Gay rights activist spreads his message in Ghana

A local journalist, through jhr training, prompted the first ever discussion on gay rights in Ghana on Joy’s Super Radio Show, a daily news program that reaches a quarter of Ghana’s population. The newscasts included interviews with a gay rights activist, human rights lawyer and an official from Ghana’s AIDS Commission, touching on topics such as gay marriage and health care restrictions. The controversial human rights discussion set-off a slew of emails, the debate spilling over into other media such as GhanaWeb and The Chronicle, generating public debate. Read the original article below

Focus on Ghana’s Gay Population

By Evans Mensah and Colleen Ross, Joy FM, Accra, Ghana


This is an account of how a seemingly innocuous interview on a controversial human rights subject has the power to generate public debate. Homosexuality is a hot-button issue in Ghana—so much so, it is rarely spoken of, much less debated. It would seem most Ghanaians prefer to think it doesn’t exist at all. So it was after some searching that Evans Mensah and Colleen Ross located a gay activist in Accra and sat down with him for an interview. It covered everything from what it was like to live as a gay man in a country where homosexuality is considered illegal…to how restricted gays feel getting access to health care.


The activist says if you want to get treated at a clinic for a sexually-transmitted disease, you must bring in your partner as well. He says gay men are loath to bring in their male partner because of negative attitudes, so they don’t return for proper treatment, seeking it instead from less credible sources. He also mentioned that he was in love with his partner and they were intent on marrying (outside the country).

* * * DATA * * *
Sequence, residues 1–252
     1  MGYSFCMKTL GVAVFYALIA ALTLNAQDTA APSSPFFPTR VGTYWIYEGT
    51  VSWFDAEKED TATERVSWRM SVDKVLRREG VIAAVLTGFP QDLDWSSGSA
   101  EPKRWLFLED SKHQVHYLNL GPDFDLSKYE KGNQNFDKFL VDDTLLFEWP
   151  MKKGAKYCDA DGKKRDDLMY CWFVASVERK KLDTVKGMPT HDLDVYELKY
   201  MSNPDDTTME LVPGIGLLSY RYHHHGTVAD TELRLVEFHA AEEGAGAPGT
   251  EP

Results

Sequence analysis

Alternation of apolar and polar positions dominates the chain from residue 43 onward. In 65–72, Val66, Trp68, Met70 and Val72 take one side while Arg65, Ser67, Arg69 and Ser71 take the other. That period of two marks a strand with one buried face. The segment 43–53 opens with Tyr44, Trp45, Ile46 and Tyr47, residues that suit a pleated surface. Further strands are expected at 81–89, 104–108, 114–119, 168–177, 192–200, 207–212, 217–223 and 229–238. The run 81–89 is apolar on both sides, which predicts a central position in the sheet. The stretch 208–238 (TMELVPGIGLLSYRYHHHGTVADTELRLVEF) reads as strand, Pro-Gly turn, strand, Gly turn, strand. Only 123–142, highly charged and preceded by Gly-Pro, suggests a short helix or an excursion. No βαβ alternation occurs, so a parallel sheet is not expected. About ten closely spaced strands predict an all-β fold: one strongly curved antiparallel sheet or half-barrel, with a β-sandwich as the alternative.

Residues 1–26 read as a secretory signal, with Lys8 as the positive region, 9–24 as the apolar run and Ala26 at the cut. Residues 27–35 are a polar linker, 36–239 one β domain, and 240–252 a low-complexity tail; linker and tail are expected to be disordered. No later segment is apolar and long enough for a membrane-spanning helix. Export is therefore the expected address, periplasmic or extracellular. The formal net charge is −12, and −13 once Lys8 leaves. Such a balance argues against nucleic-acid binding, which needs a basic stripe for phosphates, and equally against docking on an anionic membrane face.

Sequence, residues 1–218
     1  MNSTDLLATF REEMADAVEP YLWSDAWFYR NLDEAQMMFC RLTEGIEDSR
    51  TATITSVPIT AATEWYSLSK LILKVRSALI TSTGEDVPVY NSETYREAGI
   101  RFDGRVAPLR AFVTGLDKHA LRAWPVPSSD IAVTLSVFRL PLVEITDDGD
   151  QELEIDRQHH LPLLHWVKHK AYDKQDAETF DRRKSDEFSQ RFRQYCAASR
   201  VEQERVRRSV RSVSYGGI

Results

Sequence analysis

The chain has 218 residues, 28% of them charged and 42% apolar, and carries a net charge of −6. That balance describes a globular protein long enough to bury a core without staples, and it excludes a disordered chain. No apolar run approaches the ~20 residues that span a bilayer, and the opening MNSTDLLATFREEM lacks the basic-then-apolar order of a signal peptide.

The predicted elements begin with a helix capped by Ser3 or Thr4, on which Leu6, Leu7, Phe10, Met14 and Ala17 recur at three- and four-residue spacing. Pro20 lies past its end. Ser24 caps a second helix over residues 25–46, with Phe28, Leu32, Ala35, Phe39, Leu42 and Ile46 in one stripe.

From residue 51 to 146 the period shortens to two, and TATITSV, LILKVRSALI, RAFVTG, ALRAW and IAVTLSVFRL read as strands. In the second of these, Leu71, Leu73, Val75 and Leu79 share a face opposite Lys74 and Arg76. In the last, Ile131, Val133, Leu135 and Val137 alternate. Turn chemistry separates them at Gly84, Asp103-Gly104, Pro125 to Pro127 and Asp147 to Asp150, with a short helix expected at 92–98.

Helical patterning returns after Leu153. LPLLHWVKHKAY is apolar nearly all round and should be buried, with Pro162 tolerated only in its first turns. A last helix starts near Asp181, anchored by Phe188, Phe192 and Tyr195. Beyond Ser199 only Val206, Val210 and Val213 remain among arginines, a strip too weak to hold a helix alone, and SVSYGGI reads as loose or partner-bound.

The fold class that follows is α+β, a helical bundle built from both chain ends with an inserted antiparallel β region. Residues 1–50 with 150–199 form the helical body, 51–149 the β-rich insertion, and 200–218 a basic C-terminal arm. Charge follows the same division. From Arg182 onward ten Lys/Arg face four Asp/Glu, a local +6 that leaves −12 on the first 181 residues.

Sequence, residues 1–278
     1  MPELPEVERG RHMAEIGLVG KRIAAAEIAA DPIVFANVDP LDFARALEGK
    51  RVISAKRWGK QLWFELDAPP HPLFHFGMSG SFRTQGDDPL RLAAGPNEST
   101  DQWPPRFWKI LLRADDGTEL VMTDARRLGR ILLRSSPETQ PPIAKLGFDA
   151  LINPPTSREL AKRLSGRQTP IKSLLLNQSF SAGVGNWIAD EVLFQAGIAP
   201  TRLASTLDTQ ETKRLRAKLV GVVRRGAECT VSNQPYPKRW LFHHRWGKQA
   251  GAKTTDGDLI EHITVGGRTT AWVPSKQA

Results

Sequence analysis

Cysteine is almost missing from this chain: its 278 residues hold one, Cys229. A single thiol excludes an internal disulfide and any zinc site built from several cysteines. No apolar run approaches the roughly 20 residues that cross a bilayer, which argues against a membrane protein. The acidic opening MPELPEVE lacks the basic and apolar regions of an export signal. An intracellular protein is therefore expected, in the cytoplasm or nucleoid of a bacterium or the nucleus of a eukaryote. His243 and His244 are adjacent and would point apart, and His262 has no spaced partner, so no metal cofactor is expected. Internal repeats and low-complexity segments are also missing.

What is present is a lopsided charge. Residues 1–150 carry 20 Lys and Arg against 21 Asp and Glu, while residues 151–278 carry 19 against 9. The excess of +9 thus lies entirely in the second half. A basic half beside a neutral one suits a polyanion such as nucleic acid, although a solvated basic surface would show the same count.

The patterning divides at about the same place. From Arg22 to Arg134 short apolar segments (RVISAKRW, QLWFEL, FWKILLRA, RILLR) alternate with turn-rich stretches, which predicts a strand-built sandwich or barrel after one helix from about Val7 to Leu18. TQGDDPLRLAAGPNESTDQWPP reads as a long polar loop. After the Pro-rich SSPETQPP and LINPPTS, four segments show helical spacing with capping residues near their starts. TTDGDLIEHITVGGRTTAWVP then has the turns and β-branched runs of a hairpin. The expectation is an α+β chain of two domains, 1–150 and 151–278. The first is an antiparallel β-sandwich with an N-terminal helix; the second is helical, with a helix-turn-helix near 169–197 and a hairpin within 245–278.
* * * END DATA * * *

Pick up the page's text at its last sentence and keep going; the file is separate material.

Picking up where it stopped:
A 15-minute version of the interview was played on Joy’s Super Morning Show, an award-winning daily news program with approx. five million listeners (a quarter of Ghana’s population). A shorter version of the interview was then played on the midday news, which has an even greater listenership. It was accompanied by an interview with a human rights lawyer. For the evening news, Evans did a report including clips from the interview and the lawyer. It was followed by a substantial interview with an official from the Ghana AIDS Commission. Throughout the newscast, emails responding to the interviews poured in and were read out. Many spoke against the rights of gays to be together, let alone marry. Some, though, were in favour of granting them more open access to healthcare. To continue the momentum, the next day, Evans went onto the streets to gauge people’s reaction to homosexuality in Ghana and filed a report. The day after, the host of the Super Morning Show interviewed both a clinical psychologist and a psychiatrist.


The debate on gays’ rights spilled over into other media such as GhanaWeb and The Chronicle. All this because of a little initiative to pursue an issue many find offensive, but nonethless necessary to debate. The issue of gay rights is, after all, a human rights issue.


Listen to original interviews below These interviews ran back to back.

Part 1: Interview with gay rights activist Part 2: Interview with human rights lawyer

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